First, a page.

The John Deere RWA wheel disk or the Allis-Chalmers 11-foot wheel disk arriving on your grandpa’s farm was a big deal. When all they used before were pull-type disks without wheels, a wheel disk was a huge step forward. The precision tillage adjustment that is here now from several companies may be the greatest step forward in tillage since wheels were first put on a disk.
What’s common to these new precision tillage tools are on-the-go adjustments of various components and readouts on a digital screen in the cab. There are other machines where you can adjust gang angle, depth or other settings from the cab, but that don’t yet display them in one neat bundle digitally.
Some precision tillage tools were introduced at the Farm Progress Show in Boone, Iowa, in August. More were highlighted at the National Farm Machinery Show in Louisville, Ky., in February.
Change won’t stop at digital readouts and in-cab control of four or five functions of the tillage tool. Case IH is already working with Ohio State University to map tillage passes and determine if and when you should adjust tillage based on soil type and other factors as conditions change on a single pass.
Precision tillage tools
Here is a look at four tools either on the market or headed to farms soon. It’s not an all-inclusive list.
Case IH Ecolo-Tiger 875 Disk Ripper with AFS Soil Command. Chris Lursen, tillage marketing manager with Case IH, says this tool was designed for site-specific tillage. He believes that is where tillage is going in the future. Five adjustments can be made on the go in the cab. They include fore and aft adjustment of gangs, disk gang depth, shank depth, leveler depth and crumbler pressure.
Lursen and Case IH have worked with OSU to test the concept of mapping these changes as they occur across the field.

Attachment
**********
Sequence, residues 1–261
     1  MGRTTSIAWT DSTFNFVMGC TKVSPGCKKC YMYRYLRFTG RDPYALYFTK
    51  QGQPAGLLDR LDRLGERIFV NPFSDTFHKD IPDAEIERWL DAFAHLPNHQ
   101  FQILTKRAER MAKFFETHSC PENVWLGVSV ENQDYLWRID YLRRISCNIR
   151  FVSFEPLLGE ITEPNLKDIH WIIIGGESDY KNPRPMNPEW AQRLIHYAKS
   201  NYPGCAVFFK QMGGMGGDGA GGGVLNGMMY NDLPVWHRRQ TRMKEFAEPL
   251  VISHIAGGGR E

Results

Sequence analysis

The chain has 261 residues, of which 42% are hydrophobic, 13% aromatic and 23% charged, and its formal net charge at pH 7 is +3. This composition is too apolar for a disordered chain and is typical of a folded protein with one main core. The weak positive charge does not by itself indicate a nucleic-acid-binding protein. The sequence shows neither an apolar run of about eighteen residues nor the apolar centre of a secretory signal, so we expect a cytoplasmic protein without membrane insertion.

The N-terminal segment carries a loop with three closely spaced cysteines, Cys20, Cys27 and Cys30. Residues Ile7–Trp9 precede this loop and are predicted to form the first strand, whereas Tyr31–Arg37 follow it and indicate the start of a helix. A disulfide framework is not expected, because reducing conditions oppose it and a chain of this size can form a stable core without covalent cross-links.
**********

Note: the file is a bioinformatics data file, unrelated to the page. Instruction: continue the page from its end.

“We can make maps, but more importantly, we can do a better job of tillage across the entire field and do it more efficiently,” says Andy Klopfenstein, an OSU ag engineer who has worked on the project. “We’re moving toward variable-rate tillage instead of farming for the average.”
Great Plains Implement Control for Turbo-Max. Coming for 2019 is Implement Control, which gives you the ability to make and monitor adjustments from the cab on the Great Plains Turbo-Max tillage machine. There are adjustments for fore and aft setting of the machine, gang angle, down pressure on the unit, operating depth and rear reel position. All these factors display on an easy-to-operate screen in the cab.
In fact, Great Plains spokespeople say another important feature is that Implement Control is ISO-compatible. It should work on nearly any screen in your cab, eliminating the need for another monitor.
Implement Control will be available on three-section 18- to 35-foot models and five-section 40- and 48-foot models. Learn more at greatplainsag.com.
John Deere VIT tool. Instead of calling it variable-rate tillage, John Deere coined the term variable-intensity tillage for its 2660VT tillage implement. Four different adjustments can be made on the machine, and they can all be made from the cab on a display screen that accompanies the tool.
The operator can adjust the functions independently of each other if he or she chooses. Or you can determine combinations of settings that work best in various parts of the field and enter them as preset options. Then by just touching one button, you can trigger a series of adjustments at one time. Learn more at deere.com.
Sunflower Till Control. Agco introduced Till Control late in 2018 for three different tillage implements in the company’s line. The Till Control system is available on the SF6830 high-speed rotary finisher, the SF1436 Series disk harrows and the SF6631 Series vertical-tillage tools. Till Control includes an ISO-compatible display screen in the cab. Possible adjustments and parameters displayed depend upon the machine.
Tom Draper, Agco’s marketing manager for seeding and tillage for the Sunflower and White brands, notes that for the SF6631, Till Control enables farmers to monitor and adjust the fore and aft frame, as well as the hydraulic lift system. Besides monitoring tillage depth, it ensures that slave cylinders on the wings stay in phase with the center master lift cylinders. Restoring the level or rephasing the cylinders can be accomplished by fully raising the implement out of the ground, he explains. Learn more at sunflowermfg.com.
See photos of these tools in the accompanying slideshow.